Pediatric Idiopathic Adolescent Scoliosis
Children diagnosed with scoliosis between the ages of 10 and 19, with no known cause, have idiopathic adolescent scoliosis.
What is Pediatric Idiopathic Adolescent Scoliosis?
Scoliosis is a condition where the spine curves to the left or right. When that curve appears between ages 11 and 18, it’s called idiopathic adolescent scoliosis (“idiopathic” means there is no medical explanation for what causes the condition). We can treat the vast majority of these cases without surgery.
What are the signs and symptoms of Pediatric Idiopathic Adolescent Scoliosis?
Most children with idiopathic adolescent scoliosis do not experience pain. Their symptoms are usually limited to appearance, such as:
- Leaning to one side
- One hip that sits higher than the other
- One shoulder that sits higher than the other
- Ribs more prominent on one side (called a “rib hump”)
How is Pediatric Idiopathic Adolescent Scoliosis diagnosed?
When a child’s spine curves at an angle of 10 degrees or more, it’s considered scoliosis. Idiopathic adolescent scoliosis often appears during a child’s major growth spurt, around ages 12 or 13.
When kids come to us with symptoms of scoliosis, first we do a simple physical exam to see them bend and stretch their spine. If we conclude they have scoliosis, then we’ll take an X-ray to get exact images of their spine and help us decide what kind of treatment they’ll need. We take X-rays periodically during your child’s treatment, so we use a machine that uses extra low doses of radiation.
What are the causes of Pediatric Idiopathic Adolescent Scoliosis?
When conditions are “idiopathic,” it means we don't know what causes them. While scoliosis that impacts younger kids is typically caused by birth defects or other underlying conditions, scientists don't know what causes scoliosis in older kids and teenagers.
How is Pediatric Idiopathic Adolescent Scoliosis treated?
The angle of a spinal curve tends to increase until a child stops growing. If your child’s scoliosis remains moderate (a curve of less than 25 degrees) throughout their growth, it won’t affect their health and activity and we won’t need to treat them. However, bigger curves (an angle greater than 60 degrees) usually keep growing into adulthood and can cause lung problems and other side effects. After we diagnose scoliosis, we measure the curve of a child’s spine every six to 12 months to see what kind of treatment they need. Our treatment approach includes:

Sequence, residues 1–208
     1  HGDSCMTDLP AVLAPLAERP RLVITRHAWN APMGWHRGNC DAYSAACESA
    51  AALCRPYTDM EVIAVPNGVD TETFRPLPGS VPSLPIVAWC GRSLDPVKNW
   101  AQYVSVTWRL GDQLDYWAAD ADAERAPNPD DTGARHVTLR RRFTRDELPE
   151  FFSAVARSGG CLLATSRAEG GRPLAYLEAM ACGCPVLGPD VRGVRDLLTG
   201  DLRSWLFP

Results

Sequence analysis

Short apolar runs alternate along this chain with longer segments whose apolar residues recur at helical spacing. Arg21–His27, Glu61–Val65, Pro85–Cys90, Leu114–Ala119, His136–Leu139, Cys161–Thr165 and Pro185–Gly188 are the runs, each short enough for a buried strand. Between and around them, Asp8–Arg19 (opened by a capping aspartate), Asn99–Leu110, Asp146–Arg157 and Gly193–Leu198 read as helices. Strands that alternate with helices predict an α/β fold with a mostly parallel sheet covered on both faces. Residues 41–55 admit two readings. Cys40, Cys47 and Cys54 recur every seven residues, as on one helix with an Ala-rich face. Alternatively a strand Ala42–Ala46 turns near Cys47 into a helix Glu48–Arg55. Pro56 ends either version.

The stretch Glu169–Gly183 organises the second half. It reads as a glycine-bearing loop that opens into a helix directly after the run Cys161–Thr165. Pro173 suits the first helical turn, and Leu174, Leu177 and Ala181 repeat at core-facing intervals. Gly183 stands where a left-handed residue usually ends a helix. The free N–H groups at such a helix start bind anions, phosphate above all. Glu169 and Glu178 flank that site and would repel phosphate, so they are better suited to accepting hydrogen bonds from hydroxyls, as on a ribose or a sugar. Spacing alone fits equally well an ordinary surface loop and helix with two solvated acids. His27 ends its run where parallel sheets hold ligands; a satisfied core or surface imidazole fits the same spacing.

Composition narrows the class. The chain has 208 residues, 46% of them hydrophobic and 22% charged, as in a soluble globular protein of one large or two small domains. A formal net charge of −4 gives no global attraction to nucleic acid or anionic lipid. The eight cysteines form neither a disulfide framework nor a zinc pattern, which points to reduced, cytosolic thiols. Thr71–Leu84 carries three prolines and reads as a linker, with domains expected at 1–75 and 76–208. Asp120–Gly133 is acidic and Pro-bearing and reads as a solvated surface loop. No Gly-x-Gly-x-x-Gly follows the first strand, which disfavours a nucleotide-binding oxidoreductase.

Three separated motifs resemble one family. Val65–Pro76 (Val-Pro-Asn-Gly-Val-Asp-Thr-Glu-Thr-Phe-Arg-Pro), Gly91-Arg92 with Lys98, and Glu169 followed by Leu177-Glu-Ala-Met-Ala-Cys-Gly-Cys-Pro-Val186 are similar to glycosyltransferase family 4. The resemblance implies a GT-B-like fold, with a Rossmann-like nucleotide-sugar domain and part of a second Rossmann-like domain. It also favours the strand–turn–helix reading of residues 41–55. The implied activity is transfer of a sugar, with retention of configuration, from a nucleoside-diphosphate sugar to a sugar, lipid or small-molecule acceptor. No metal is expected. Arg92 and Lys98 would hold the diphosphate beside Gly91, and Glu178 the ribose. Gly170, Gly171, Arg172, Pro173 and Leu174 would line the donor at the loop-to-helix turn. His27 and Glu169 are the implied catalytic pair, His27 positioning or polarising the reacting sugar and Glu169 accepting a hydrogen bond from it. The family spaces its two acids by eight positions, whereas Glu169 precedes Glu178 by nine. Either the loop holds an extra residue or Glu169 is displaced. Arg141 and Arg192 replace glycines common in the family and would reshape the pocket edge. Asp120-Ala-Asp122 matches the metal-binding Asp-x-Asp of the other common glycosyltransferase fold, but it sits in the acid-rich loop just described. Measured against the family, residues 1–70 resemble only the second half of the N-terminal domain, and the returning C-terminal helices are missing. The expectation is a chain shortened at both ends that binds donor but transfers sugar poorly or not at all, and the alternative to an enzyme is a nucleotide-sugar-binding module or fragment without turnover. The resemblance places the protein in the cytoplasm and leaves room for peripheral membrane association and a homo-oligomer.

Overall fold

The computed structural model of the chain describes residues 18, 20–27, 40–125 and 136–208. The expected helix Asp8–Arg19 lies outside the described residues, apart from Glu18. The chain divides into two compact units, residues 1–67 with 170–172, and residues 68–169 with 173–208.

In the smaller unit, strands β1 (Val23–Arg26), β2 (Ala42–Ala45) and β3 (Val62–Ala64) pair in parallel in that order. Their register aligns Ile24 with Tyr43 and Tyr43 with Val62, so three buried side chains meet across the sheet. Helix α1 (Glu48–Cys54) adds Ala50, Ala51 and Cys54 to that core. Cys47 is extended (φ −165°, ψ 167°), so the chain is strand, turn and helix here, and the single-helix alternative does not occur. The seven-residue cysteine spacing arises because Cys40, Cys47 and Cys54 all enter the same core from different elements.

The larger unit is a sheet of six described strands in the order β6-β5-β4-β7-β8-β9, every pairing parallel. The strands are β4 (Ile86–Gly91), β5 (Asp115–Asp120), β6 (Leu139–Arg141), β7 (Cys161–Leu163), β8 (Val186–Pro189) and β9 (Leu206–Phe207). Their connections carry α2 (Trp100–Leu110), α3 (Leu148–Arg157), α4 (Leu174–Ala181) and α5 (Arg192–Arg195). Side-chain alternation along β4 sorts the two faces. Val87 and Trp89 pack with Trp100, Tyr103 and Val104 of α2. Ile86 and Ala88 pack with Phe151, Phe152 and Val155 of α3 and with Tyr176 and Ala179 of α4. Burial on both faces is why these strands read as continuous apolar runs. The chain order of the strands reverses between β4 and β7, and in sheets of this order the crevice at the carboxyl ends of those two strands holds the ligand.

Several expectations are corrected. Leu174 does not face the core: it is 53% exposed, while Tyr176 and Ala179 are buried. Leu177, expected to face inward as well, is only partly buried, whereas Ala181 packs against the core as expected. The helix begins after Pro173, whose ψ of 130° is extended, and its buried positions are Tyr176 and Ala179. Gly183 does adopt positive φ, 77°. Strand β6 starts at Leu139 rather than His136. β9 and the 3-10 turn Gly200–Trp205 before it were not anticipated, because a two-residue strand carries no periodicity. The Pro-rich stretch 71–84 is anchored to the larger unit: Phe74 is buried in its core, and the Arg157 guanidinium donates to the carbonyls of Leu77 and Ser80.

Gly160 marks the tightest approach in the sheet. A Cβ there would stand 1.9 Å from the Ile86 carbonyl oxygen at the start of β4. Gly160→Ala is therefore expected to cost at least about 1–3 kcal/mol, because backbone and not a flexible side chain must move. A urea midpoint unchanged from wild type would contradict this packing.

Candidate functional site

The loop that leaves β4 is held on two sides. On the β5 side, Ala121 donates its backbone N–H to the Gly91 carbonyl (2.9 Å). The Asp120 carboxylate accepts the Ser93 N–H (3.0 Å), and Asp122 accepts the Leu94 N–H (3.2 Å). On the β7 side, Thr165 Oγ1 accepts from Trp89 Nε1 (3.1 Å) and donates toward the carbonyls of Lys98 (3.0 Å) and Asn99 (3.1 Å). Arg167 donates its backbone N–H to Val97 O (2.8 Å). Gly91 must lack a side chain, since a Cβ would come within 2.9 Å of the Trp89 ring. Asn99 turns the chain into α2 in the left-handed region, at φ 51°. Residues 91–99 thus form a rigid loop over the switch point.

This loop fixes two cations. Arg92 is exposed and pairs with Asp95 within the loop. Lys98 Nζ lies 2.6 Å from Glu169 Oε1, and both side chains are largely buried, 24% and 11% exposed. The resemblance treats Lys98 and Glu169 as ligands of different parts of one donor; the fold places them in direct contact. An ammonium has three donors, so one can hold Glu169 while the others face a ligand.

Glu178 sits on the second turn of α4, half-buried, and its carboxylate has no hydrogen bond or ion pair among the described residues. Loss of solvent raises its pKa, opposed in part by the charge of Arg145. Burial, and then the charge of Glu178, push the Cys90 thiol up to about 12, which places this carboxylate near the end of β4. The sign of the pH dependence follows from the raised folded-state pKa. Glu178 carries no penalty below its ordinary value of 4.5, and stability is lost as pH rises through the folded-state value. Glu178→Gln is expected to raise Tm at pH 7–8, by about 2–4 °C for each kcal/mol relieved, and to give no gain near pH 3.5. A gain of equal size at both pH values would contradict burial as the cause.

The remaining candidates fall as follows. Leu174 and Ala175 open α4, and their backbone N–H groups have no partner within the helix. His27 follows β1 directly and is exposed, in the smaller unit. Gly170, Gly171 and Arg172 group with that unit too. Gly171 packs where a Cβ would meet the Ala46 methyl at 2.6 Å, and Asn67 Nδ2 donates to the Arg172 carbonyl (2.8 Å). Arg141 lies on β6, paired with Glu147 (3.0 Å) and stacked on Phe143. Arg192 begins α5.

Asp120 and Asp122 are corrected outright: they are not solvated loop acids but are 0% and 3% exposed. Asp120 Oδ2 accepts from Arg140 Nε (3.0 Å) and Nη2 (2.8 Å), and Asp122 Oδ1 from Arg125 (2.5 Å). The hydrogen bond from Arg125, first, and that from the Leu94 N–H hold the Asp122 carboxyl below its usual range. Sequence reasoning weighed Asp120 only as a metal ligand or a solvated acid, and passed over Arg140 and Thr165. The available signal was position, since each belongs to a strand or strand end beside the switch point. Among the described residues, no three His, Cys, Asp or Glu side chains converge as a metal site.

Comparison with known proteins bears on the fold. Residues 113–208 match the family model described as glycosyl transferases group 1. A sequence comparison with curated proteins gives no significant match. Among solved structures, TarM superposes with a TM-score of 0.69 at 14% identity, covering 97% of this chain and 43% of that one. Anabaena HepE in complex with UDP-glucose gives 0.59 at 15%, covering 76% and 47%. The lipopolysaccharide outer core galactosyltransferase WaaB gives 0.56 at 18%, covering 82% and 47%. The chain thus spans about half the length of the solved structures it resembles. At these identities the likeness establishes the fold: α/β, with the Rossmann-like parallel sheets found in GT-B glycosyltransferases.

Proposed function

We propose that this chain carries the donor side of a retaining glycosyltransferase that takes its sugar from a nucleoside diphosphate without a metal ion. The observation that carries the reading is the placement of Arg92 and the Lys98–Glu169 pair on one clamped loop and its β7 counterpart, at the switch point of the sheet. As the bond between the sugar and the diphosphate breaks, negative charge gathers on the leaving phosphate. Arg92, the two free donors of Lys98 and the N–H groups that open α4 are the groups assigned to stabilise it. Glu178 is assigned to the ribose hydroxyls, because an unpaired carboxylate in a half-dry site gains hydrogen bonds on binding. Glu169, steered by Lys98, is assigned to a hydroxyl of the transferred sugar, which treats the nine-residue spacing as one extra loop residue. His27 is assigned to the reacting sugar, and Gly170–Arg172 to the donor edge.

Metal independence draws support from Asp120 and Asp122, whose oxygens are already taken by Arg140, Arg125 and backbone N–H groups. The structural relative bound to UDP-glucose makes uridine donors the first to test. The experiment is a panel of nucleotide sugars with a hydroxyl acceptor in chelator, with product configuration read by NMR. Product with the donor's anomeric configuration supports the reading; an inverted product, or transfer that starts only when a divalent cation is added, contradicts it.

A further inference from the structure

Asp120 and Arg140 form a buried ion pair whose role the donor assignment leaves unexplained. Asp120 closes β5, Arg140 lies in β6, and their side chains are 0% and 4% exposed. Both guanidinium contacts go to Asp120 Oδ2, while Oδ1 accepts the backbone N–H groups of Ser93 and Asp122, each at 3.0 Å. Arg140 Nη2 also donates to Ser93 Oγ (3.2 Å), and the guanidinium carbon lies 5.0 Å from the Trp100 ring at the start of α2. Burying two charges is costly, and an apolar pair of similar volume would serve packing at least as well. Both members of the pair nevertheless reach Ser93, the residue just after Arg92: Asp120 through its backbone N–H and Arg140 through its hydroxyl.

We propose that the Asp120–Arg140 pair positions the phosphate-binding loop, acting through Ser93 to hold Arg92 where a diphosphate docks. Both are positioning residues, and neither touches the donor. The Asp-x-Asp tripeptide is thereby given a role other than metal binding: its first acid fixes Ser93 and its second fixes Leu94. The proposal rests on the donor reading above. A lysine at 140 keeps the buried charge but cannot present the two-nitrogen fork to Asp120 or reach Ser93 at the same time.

- Monitoring: If your child has moderate scoliosis, we take periodic X-rays to see how much the curvature increases over time.
- Bracing: When scoliosis is more pronounced, we work with a prosthetics company to create a custom brace for your child. The brace keeps your child’s spinal curve from getting worse as they grow.
- Physical therapy: Our team includes staff trained in a special form of physical therapy for scoliosis patients called the Schroth Method. This method includes exercises to promote good posture and proper body mechanics, which help support and straighten the spine without surgery.
- Surgery: We consider surgery when a child’s spine curves more than 40 degrees and we expect it to increase, because the child is still growing. But even in this case, surgery is not always necessary.
Pediatric Idiopathic Adolescent Scoliosis Doctors and Providers
Our team specializes in children’s spinal issues and treatments, including doctors, nurses and physical therapists certified in the Schroth Method.
Frequently Asked Questions
Will my child’s scoliosis require one or more surgeries? Surgery is rarely necessary for children with idiopathic adolescent scoliosis. Most children manage their spinal shape through bracing or physical therapy or don’t need any treatment at all
- Scoliosis.org, the online hub for the National Scoliosis Foundation, has information and resources for people with scoliosis and their families
- CurvyGirlsScoliosis.com is an international network of support groups organized by and for teen girls.
- Schroth-BarcelonaInstitute.com has information about the Schroth Method of physical therapy and professionals who are trained in this method.